by Paul Mackay, Technical Lead for the DCLG Local Waste Service Standards Project
In this, my 2nd blog on our emerging data standards for local waste services, I’ll focus on the data model I’m building, why it’s structured the way it is, and what I’ve learned about building common data models for local services so far.
For anyone new to this series, I outlined the kinds of things we’re building and defined them, and I talked about the taxonomies we’re using in my last blog, so start there if you’re coming in fresh!
What’s a data model?
As I wrote last time, a data model is a key part of designing how digital systems can talk to each other. It defines the objects of a system and what properties they have. For example, waste collections empty bins of different types and sizes. Our data model will describe a local authority waste service. It’s the foundation for the standard application programme interface (API) we’re building to interface between the different software systems that support waste management, from in cab technology, to customer services systems, to web forms and websites.
What our standard data model looks like and why
The data model is organised around several general objects with extra detail specific to waste services added where necessary:
- Services: the different types of collections that are offered by the council
- Tasks: units of work to be done, e.g. emptying bins at each property
- Events: unusual occurrences that need to be recorded, such as a bin being too full to empty
How councils and suppliers influenced the design
We partnered with 5 councils on this project to make sure that our suggested data model and API would work for all of them. Our hope is that this group is sufficiently diverse to represent all local authorities – or least to establish a standard that could be adapted to work for everyone. So, some of our partners outsource collection, others do everything ‘in house’. Some are building their own web services, others use forms built by suppliers.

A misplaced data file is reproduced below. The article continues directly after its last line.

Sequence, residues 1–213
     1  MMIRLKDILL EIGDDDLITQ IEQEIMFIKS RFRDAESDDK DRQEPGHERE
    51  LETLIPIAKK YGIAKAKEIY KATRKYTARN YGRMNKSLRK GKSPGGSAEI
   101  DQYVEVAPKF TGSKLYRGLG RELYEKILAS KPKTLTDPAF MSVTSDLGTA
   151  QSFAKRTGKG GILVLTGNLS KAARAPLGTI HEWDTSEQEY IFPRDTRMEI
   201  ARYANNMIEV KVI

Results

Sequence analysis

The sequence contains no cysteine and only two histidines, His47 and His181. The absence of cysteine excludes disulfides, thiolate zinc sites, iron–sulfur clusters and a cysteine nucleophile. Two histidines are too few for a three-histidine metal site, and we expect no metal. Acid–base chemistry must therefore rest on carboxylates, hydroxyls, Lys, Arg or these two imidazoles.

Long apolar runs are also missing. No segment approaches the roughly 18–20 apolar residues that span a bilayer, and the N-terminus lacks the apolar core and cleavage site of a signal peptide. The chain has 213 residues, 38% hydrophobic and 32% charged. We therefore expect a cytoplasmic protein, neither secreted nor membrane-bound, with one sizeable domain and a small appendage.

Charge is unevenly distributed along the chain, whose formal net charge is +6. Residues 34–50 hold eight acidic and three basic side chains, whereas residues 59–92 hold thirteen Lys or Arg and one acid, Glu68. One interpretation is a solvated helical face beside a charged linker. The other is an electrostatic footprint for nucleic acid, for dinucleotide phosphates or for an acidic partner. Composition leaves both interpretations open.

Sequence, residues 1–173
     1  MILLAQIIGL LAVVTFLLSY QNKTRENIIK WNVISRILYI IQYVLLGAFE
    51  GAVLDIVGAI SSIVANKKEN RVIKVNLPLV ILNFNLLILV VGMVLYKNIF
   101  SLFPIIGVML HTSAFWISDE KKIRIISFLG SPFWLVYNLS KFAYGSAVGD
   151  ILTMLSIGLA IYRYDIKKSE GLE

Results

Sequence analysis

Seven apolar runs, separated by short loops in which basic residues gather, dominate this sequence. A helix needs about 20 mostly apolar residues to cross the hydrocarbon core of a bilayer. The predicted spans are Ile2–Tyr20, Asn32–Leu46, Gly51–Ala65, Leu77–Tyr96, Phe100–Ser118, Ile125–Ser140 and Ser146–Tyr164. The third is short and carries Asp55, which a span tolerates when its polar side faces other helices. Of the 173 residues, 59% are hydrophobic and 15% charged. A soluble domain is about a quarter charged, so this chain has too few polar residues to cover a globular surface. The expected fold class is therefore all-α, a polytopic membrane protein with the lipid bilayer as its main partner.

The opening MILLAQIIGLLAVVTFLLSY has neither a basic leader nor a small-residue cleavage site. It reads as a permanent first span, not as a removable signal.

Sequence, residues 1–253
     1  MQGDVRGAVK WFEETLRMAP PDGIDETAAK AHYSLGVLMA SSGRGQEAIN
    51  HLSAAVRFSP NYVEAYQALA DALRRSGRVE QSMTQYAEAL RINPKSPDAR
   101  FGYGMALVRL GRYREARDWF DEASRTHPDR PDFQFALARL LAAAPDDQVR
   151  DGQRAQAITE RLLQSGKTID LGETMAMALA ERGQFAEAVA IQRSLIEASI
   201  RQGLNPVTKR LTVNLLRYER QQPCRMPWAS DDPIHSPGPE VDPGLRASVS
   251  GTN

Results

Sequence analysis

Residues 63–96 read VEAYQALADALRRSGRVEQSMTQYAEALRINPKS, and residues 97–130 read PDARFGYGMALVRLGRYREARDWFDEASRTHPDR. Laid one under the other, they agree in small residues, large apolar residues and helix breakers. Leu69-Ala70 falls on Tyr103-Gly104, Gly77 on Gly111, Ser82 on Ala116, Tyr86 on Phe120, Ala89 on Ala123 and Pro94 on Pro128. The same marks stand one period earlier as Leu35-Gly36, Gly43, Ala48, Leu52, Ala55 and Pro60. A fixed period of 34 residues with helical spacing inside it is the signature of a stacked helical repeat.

We’ve also tried to work with councils that use different ‘in cab’ technology in their bin trucks, and different case management systems, as these varying suppliers will be crucial to the impact and sustainability of the standard. In other words, the majority of waste management IT is designed and maintained by the private sector. So, we must ensure that they are broadly on board if councils are to benefit from data standards and the interoperability of IT systems that they allow.
Our individual workshops with all partner councils made clear exactly what the data model and API needed to do, what functionality it had to have. However, the real key to success has been to get a copy of technical documentation from different in-cab technology suppliers and councils who run digital waste services, and talking through how it should influence the standard with these suppliers.
The biggest challenges so far
This has posed perhaps our biggest challenges to date:
- Getting a hold of data models and API documentation that suppliers aren’t used to sharing. This was especially hard at the beginning of the project, but has become a lot easier as we gain momentum and supporters. Our business case work and communications material has been essential in getting this buy-in and in convincing suppliers that it’s worth their while to support the standard.
- Proposing something that all these organisations are actually willing and able to adopt.